I received this message a couple of days ago – and must say that I was very moved by it.
The reason being that recently I have been questioning the relevance of the tree climbing comps. Are they after all merely a public service – or rather a service to the competitors – that all the volunteers involved in the event provide? Or are they part of a bigger picture, contributing something meaningful towards climbers’ culture within greater arboriculture?
My feeling has always been that above all, Aerial Rescue has the potential to be very meaningful, offering the opportunity to discuss and evaluate current issues and incidents and to formulate suitable responses.
At ETCC we have attempted over the years to distinguish between technical-based scenarios and others that are more patient handling-based, to then choose a scenario that is fitting for the trees available on the site with an emphasis either on the one aspect or the other. Also we have gone to considerable efforts to make the storylines coherent and logical, with the aim that people are not having to assume all sorts of things, but rather are being scored on their actual ability to take charge of a situation that is as close to a real-life incident as possible.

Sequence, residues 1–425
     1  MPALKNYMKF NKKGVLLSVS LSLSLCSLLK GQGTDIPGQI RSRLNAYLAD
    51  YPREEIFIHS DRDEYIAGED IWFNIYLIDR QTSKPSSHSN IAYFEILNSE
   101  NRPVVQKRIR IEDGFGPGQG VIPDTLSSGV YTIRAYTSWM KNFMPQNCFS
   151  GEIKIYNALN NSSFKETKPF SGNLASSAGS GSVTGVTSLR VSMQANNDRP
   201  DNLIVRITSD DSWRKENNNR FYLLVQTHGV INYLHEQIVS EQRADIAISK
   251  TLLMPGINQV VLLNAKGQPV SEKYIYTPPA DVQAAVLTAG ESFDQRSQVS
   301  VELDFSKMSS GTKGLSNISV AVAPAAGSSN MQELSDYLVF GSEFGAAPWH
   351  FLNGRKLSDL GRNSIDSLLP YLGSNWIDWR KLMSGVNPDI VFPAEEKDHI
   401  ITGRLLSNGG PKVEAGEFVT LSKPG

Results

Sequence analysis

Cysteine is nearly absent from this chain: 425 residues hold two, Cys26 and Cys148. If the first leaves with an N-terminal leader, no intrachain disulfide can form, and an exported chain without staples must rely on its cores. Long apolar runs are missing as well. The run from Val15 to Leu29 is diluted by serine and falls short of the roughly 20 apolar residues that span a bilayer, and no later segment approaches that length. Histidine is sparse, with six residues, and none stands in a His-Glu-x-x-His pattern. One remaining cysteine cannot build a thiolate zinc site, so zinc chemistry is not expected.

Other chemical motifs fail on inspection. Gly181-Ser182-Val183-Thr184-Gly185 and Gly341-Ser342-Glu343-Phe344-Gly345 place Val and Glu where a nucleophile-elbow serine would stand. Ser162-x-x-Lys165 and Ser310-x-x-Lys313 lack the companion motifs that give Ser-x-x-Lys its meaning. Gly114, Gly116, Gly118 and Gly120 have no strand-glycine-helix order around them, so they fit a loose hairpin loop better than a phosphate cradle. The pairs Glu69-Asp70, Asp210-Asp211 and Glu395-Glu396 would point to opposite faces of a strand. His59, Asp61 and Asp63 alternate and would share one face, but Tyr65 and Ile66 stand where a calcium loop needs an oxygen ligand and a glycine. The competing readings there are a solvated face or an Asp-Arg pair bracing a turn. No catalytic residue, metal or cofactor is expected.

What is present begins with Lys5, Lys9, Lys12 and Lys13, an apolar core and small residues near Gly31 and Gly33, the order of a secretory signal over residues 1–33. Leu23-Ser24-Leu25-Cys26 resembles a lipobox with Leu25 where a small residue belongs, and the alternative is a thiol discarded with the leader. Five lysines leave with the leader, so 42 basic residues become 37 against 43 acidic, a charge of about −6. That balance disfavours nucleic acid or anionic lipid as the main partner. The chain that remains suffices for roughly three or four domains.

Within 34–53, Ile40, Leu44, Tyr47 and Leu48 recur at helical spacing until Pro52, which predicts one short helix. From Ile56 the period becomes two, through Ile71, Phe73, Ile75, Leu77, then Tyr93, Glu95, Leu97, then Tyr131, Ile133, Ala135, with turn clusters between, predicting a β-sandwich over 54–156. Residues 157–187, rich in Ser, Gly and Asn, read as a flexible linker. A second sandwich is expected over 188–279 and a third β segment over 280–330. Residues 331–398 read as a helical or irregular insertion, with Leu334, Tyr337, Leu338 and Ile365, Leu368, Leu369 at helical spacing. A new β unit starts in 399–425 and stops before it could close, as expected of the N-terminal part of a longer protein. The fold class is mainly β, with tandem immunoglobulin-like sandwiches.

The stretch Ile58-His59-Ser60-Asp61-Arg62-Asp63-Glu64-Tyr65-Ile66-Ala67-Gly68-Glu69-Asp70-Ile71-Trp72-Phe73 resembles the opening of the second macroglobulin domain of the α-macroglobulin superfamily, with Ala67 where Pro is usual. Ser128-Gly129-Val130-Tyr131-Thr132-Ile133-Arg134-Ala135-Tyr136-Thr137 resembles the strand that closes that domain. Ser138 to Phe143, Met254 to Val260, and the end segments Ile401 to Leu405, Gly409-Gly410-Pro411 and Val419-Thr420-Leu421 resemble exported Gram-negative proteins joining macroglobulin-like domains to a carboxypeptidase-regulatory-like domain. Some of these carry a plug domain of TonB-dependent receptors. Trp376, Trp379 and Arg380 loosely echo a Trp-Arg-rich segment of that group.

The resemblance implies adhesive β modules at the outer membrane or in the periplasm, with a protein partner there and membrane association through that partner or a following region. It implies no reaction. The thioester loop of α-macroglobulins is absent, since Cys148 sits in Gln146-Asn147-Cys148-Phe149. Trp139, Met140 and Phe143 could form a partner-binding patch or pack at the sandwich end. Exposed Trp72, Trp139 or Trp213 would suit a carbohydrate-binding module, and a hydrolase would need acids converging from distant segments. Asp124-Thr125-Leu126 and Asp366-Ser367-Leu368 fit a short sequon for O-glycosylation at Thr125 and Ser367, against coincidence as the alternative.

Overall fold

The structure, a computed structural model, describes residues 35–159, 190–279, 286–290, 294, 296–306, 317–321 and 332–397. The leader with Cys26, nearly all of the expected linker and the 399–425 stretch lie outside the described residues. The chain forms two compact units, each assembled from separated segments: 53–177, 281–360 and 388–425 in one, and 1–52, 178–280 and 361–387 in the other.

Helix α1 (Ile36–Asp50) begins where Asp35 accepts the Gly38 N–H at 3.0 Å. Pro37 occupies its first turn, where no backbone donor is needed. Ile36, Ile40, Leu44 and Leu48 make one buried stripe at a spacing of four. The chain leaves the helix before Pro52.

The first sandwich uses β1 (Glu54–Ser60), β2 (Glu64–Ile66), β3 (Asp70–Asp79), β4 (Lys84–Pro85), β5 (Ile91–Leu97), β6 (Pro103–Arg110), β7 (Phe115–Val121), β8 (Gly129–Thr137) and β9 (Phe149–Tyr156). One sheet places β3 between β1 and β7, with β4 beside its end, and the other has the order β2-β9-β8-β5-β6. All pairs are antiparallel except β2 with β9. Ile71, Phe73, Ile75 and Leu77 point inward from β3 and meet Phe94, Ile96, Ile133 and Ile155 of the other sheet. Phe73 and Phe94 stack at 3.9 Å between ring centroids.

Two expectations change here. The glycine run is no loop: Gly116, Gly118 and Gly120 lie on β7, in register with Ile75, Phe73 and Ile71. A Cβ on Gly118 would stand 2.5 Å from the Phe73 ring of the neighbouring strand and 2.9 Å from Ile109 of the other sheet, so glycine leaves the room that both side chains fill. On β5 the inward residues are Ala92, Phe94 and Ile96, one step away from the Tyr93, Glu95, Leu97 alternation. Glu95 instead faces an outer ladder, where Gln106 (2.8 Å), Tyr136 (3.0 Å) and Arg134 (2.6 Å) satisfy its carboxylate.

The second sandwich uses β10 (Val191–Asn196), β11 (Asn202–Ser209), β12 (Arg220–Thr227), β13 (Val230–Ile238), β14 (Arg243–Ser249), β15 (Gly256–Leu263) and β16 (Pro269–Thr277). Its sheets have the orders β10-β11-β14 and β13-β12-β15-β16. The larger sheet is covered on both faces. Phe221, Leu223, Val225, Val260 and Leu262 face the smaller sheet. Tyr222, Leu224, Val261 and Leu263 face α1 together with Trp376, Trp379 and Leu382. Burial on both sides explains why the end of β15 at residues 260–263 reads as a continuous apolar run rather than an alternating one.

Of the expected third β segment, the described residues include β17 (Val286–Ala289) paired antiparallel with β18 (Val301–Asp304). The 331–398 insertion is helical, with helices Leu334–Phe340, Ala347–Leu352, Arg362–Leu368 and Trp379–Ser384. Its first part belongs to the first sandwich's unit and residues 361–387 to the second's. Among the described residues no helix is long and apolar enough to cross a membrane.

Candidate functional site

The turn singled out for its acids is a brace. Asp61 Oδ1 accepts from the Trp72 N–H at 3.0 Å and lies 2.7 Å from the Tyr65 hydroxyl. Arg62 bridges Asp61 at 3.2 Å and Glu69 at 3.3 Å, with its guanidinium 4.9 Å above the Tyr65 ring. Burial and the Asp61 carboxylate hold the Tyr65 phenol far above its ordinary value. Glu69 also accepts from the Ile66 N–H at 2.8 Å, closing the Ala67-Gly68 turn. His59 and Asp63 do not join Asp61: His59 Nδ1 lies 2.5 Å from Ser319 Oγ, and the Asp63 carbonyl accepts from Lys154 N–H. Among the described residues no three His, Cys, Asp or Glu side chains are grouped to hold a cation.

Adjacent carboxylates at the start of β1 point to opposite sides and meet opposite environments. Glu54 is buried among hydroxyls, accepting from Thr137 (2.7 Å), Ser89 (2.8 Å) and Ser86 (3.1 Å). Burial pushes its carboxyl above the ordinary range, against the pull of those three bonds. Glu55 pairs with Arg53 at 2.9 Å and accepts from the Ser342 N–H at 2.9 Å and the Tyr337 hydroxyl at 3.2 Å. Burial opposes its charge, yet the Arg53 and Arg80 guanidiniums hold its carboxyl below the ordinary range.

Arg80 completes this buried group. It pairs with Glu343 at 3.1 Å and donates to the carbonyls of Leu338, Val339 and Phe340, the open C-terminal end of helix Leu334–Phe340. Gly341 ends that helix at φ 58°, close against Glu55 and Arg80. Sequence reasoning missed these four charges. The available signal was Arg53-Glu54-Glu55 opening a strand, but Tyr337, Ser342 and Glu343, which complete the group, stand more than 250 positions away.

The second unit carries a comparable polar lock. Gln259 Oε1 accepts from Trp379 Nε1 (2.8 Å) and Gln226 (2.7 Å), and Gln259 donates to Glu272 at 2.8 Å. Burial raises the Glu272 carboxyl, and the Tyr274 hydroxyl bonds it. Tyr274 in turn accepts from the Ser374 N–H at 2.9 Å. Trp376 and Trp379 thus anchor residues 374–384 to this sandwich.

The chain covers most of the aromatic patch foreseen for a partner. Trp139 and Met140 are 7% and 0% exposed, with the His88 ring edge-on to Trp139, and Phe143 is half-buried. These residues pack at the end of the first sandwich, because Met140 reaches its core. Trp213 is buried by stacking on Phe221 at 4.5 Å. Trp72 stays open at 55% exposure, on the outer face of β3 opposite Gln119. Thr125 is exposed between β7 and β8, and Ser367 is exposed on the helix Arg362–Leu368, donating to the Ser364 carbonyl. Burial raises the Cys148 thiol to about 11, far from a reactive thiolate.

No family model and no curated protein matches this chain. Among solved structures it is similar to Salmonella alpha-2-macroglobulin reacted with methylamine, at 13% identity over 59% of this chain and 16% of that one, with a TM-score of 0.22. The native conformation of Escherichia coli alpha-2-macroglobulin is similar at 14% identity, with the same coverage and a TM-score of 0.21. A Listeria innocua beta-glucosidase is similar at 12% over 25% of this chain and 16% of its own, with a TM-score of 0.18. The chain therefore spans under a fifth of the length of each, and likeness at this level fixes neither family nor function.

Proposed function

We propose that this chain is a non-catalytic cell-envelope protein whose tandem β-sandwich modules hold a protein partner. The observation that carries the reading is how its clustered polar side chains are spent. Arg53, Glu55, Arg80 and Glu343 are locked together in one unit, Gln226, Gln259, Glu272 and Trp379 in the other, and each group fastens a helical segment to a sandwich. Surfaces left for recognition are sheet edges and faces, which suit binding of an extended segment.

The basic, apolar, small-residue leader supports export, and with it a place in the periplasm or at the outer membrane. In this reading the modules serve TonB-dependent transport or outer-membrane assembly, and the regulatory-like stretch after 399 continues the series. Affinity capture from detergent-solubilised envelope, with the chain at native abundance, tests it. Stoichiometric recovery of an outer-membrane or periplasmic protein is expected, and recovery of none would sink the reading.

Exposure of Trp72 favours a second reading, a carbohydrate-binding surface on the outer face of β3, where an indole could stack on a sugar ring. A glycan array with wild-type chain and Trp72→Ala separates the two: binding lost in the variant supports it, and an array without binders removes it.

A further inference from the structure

This year we had one casualty during AR in Monza: Ken, the rescue dummy’s lower leg dropped off after the morning of preliminary events, this called for a spot of quick surgery during lunch break…
Hearing about a volunteer being able to put skills acquired during such an event to use in real life is therefore immensely meaningful to me and validates all the time and effort invested into organizing and running these events.
Dates for next year’s ETCC in Prague, Czech Republic, have not yet been set, but in all likelihood it will be first weekend of July. We will start working towards the event in the new year with the Czech crew and will confirm location and exact dates as soon as possible.